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Old Gold & Black

Old Gold & Black

How social justice connects to the Christian faith

Photo by Paulina Veremchuk. Washington National Cathedral, a cathedral of the Episcopal Church located in Washington D.C.. For on-campus worship , students can attend events in Mickel Chapel in Main Building.

Rev. Ron Robinson and Douglas Clark, visiting assistant professor of Religion, highlighted the importance of open discussion of religion and its sometimes sordid history with social justice issues in the event titled, “Social Justice in the Christian Tradition”.

Robinson and Clark held the discussion on Feb. 9 about their relation to social justice in the Church, the ties of Christianity to social justice issues of the past and how social justice issues should be dealt with by the Church in the future. 

Reflecting on their backgrounds of growing up in religious households where social justice was supported by Christian faith, both had a plethora of wisdom to share. 

Clark has a unique perspective on this issue since both of Clark’s parents attended seminary. 

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“They raised us to believe that Christians are opposed to violence and war, Christians care about the environment, Christians care about social and economic equality and especially about racial justice,” Clark said.

Additionally, in an effort to be anti-racist, Clark and his family attended a historically black church throughout his childhood. He said that his experience of growing up in this environment gave him immense respect and appreciation for Black christianity and the Black church.  Robinson also grew up in a religious household that placed an emphasis on helping others. Robinson, the Wofford Chaplain, and his family focused on helping to promote equity in their community. 

Even though this was not the teaching of the influences of Clark and Robinson, people have histirically used the Bible and the Christian faith to justify slavery and other methods of hatred, intolerance and violence.

When looking at the history of the Christian church as a whole, Clark recommends that his students think of the 19th century as being “yesterday.” 

In the aggregate of religious history, events occuring in the 19th century are far more recent compared to other religious historical events, like the formation of Christianity that occurred two thousand years ago.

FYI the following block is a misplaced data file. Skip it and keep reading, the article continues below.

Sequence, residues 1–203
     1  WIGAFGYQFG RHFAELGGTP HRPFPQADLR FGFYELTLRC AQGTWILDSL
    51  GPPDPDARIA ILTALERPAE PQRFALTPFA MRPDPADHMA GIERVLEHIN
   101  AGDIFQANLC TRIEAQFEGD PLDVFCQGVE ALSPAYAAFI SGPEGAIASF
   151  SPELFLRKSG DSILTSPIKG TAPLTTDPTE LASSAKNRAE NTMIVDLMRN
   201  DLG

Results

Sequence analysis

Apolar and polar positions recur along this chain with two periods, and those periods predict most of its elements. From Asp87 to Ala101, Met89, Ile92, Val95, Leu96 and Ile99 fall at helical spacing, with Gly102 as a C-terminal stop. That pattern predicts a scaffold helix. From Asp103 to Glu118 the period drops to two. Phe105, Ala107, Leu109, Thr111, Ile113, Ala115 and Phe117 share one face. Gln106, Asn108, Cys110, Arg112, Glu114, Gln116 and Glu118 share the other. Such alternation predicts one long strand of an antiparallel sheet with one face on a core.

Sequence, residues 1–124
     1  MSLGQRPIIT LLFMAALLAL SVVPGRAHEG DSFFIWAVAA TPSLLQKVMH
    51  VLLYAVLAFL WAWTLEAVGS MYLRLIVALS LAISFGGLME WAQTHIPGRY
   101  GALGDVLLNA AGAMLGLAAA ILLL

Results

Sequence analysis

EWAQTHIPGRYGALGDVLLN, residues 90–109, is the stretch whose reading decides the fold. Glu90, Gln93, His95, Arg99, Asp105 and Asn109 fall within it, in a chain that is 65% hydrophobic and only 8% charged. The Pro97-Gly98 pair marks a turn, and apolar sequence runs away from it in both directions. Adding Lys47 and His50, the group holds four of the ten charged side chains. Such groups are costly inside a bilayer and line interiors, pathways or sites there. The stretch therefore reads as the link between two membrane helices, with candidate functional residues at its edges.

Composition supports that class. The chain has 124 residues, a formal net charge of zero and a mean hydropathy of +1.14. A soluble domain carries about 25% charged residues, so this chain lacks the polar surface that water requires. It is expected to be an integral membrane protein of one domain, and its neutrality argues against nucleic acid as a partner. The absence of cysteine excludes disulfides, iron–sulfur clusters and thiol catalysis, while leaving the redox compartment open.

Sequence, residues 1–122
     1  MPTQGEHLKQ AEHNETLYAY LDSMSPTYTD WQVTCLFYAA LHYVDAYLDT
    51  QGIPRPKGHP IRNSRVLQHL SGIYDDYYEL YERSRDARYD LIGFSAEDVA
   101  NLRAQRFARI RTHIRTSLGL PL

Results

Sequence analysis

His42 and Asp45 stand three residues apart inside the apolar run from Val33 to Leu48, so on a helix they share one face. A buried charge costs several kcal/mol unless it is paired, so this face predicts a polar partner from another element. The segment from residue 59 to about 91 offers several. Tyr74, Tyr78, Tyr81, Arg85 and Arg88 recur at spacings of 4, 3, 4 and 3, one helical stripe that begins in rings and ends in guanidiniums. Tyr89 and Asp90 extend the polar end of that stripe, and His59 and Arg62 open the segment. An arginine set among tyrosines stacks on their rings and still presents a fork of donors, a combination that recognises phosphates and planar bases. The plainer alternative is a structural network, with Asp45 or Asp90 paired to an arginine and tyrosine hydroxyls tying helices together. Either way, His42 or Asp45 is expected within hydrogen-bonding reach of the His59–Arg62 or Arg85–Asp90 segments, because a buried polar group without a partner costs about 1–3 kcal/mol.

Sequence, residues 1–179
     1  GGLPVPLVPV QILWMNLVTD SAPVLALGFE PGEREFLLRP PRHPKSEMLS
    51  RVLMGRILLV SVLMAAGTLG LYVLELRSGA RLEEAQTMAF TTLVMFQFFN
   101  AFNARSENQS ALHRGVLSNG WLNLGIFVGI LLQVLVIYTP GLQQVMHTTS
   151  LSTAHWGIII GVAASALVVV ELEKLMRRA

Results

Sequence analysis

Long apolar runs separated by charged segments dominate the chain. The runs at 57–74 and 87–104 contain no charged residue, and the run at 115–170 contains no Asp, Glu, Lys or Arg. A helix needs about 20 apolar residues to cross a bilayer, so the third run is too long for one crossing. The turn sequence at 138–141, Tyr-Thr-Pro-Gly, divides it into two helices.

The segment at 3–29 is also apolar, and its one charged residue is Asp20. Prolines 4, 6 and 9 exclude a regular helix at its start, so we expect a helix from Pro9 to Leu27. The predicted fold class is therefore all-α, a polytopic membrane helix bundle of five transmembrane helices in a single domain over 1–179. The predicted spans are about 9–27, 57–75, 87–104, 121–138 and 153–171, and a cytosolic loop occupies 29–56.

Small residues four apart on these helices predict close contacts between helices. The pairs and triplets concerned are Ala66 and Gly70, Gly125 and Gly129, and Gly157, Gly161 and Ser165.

“The idea that the church would not be involved in politics is an innovation created by white southern Protestants in the 19th century,” said Clark. This idea was completely new and did not have much justification theologically. 

Despite this change occurring at the time, the two biggest slave revolts were ones led by Denmark Vesey and Nat Turner, who based their participation in leading the revolts on their Christian beliefs. 

With its complicated and sometimes opposing views to social justice, it can be difficult to know what to think about Christianity’s place in the discussion. 

“Sometimes students have only experienced religion as being against the things that they value,” Robinson said. 

Additionally, students often criticize organized religion. However, Robinson states that organized religion has benefits when establishing social justice. 

“The things we are able to do collectively are a lot bigger than the things we can do by ourselves,” Robinson said. 

When examining topics such as religion, it’s important to keep an open mind. Robinson suggested not to assume that there is a singular religious view containing universal truth. Clark added that one should be sure to keep in mind the diversity of the human experience. 

There are also relevant Wofford connections to the topic. Clark mentioned a man by the name of Sancho who can be found in the Wofford archives. Sancho was a Muslim in Africa who was kidnapped and enslaved and later converted to Methodism. 

Sancho, despite becoming a Methodist, was still religiously persecuted.

“There is also a rich history of justice work within the Christian tradition, including in Wofford’s history and the history of South Carolina Methodism, that people need to know about and draw on,” Clark said.

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Katie Kirk
Katie Kirk, Managing Editor
Government Major from Greenville, SC
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